Apus

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For the high school college credit course, see Advanced Placement United States History. For other uses, see Apus (disambiguation).
Apus
Constellation
Apus
Abbreviation Aps
Genitive Apodis
Pronunciation /ˈpəs/, genitive /ˈæpədɨs/
Symbolism The Bird-of-Paradise[1]
Right ascension 13h 51m 07.5441s–18h 27m 27.8395s[2]
Declination −67.4800797°–−83.1200714°[2]
Family Bayer
Area 206 sq. deg. (67th)
Main stars 4
Bayer/Flamsteed
stars
12
Stars with planets 2
Stars brighter than 3.00m 0
Stars within 10.00 pc (32.62 ly) 0
Brightest star α Aps (3.83m)
Nearest star HD 128400
(66.36 ly, 20.35 pc)
Messier objects None
Meteor showers None
Bordering
constellations
Triangulum Australe
Circinus
Musca
Chamaeleon
Octans
Pavo
Ara
Visible at latitudes between +5° and −90°.
Best visible at 21:00 (9 p.m.) during the month of July.

Apus is a faint constellation in the southern sky, first defined in the late 16th century. Its name means "no feet" in Greek, and it represents a bird-of-paradise (which were once believed to lack feet). It is bordered by Triangulum Australe, Circinus, Musca, Chamaeleon, Octans, Pavo and Ara. Its genitive is "Apodis".

History[edit]

Apus was one of twelve constellations created by Petrus Plancius from the observations of Pieter Dirkszoon Keyser and Frederick de Houtman. It first appeared on a 35 cm diameter celestial globe published in 1597 or 1598 in Amsterdam by Plancius with Jodocus Hondius.[1][3][4] Plancius called the constellation Paradysvogel Apis Indica; the first word is Dutch for "bird of paradise", of genus Pteridophora, but the others are Latin for "Indian Bee". Apis (Latin for "bee") is presumably an error for avis ("bird").[1][4]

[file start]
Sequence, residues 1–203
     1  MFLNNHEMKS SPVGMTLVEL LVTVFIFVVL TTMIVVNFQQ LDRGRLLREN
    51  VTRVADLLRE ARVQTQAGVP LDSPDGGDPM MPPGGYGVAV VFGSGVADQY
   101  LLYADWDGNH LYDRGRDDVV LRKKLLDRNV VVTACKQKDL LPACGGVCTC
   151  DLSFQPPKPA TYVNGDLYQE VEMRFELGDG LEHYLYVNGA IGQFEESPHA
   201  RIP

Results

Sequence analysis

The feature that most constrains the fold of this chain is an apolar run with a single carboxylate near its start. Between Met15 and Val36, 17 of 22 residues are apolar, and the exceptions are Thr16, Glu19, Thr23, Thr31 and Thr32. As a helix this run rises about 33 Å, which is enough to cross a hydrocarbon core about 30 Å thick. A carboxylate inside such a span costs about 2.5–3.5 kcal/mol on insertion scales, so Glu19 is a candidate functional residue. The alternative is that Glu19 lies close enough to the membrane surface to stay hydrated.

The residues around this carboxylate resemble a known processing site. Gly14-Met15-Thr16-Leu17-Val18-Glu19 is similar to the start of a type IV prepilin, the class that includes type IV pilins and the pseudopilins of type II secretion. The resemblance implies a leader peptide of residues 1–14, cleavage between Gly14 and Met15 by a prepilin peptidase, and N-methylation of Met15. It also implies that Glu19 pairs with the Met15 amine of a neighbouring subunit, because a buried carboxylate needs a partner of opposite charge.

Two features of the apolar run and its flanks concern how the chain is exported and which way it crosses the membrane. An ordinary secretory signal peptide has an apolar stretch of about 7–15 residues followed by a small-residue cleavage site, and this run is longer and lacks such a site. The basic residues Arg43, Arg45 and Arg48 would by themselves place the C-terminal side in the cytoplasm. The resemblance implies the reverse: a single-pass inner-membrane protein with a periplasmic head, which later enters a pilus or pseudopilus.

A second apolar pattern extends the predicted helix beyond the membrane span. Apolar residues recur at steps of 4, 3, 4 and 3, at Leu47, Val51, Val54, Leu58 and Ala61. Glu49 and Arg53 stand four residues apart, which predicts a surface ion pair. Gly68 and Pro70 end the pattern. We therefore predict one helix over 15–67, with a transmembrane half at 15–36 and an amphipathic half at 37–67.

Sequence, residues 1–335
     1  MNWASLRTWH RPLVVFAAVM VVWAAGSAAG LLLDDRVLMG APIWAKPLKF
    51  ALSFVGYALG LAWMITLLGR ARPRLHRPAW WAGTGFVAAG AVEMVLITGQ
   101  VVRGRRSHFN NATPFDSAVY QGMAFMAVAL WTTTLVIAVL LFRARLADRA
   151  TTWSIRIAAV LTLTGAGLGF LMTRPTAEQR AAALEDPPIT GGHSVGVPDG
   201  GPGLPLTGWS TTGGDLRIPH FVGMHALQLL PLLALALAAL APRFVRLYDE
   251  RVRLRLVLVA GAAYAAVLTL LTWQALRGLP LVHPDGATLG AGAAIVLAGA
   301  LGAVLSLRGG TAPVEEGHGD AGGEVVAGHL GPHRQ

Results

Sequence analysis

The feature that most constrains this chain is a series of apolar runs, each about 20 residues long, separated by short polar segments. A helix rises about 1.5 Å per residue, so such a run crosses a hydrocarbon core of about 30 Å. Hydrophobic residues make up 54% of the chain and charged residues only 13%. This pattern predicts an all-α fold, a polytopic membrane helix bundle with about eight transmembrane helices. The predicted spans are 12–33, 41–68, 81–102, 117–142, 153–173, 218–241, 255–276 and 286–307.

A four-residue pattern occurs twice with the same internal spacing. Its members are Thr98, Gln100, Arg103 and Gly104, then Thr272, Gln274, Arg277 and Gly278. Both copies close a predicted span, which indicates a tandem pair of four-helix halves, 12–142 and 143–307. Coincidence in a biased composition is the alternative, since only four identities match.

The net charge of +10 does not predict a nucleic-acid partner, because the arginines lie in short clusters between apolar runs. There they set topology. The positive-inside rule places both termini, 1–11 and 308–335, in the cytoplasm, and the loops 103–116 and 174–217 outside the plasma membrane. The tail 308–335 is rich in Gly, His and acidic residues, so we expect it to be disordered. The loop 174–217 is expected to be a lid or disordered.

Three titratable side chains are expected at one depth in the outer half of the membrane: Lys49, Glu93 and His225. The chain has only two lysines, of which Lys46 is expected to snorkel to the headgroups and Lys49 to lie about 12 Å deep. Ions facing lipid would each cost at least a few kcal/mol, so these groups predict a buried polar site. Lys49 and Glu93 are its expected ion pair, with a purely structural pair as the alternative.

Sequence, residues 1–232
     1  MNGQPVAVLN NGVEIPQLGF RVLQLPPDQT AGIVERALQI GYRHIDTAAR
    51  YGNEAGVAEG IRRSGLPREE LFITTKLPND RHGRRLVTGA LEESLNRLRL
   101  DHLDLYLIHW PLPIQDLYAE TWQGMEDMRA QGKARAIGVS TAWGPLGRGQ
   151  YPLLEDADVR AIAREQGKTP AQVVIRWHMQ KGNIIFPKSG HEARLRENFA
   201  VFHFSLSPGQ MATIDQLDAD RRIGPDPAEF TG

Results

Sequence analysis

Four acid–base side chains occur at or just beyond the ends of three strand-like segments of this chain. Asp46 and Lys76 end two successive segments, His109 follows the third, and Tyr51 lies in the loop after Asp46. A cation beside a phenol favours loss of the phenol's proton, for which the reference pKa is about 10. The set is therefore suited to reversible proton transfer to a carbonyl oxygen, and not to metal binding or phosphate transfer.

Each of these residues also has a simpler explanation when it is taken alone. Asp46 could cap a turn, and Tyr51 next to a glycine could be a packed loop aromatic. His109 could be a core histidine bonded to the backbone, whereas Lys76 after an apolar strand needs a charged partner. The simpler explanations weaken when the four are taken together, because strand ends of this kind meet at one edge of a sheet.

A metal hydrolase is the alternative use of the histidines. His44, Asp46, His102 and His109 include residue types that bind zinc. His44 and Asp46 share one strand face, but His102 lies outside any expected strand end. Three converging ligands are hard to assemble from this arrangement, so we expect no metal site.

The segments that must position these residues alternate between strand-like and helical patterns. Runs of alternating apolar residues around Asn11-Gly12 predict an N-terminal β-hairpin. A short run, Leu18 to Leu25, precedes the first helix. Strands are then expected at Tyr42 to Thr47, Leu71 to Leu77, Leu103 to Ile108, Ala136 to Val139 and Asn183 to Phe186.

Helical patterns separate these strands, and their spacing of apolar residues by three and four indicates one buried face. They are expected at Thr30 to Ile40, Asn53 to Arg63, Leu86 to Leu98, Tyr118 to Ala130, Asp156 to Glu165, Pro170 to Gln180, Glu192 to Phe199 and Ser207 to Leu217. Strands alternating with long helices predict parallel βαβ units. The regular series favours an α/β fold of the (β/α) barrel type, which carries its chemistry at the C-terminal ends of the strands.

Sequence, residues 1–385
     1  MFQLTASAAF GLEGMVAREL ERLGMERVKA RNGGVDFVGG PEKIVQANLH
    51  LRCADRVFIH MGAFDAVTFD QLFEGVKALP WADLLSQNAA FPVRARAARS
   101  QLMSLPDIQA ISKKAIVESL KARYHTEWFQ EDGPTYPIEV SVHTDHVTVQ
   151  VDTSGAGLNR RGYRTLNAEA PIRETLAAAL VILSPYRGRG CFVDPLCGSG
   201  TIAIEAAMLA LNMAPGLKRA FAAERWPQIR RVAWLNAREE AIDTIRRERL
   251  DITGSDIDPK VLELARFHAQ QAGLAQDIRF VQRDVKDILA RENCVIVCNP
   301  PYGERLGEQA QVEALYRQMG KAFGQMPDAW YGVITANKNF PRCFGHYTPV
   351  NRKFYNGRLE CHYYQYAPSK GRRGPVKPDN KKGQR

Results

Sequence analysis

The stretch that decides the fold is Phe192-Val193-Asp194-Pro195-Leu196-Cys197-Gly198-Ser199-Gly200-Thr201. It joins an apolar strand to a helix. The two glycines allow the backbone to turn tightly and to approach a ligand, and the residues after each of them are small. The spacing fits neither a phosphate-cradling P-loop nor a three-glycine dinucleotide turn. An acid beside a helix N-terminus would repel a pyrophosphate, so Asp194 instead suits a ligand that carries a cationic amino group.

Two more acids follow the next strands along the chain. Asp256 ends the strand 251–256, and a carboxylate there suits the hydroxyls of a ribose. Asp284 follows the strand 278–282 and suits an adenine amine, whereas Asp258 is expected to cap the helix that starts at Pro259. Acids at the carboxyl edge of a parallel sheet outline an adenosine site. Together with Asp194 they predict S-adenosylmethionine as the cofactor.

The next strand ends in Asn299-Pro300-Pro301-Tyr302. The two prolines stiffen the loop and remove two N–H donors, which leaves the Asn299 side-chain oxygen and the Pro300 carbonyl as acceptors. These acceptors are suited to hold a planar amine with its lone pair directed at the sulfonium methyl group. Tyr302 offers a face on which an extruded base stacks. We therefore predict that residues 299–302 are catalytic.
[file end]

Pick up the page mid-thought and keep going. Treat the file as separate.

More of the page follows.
The name Apus is derived from the Greek apous, meaning "without feet". This referred to the Western misconception that the bird-of-paradise had no feet, which arose because the only specimens available in the West had their feet and wings removed.[1] Such specimens began to arrive in Europe in 1522, when the survivors of Ferdinand Magellan's expedition brought them home.[5]

After its introduction on Plancius's globe, the constellation's first known appearance in a celestial atlas was in Johann Bayer's Uranometria of 1603, where it was called "Apis Indica".[1][4]

Richard Allen reports Semler's assertion that de Houtman, who observed the southern constellations from the island of Sumatra, took his ideas for the formation of Apus (as well as Phoenix and Indus) from the Chinese, who knew the stars of Apus as the "Little Wonder Bird",[6] and that Semler's assertion was disputed by Ideler (though Ideler acknowledged the Chinese constellations).

Notable features[edit]

The constellation Apus as it can be seen by the naked eye.

The most prominent deep-sky objects in Apus include the globular clusters NGC 6101 and IC 4499 as well as the spiral galaxy IC 4633.

Stars[edit]

  • α Apodis is an orange giant 411 light years away, with a magnitude of 3.8.[3][4]
  • β Apodis is an orange giant 158 light years away, with a magnitude of 4.2.[3]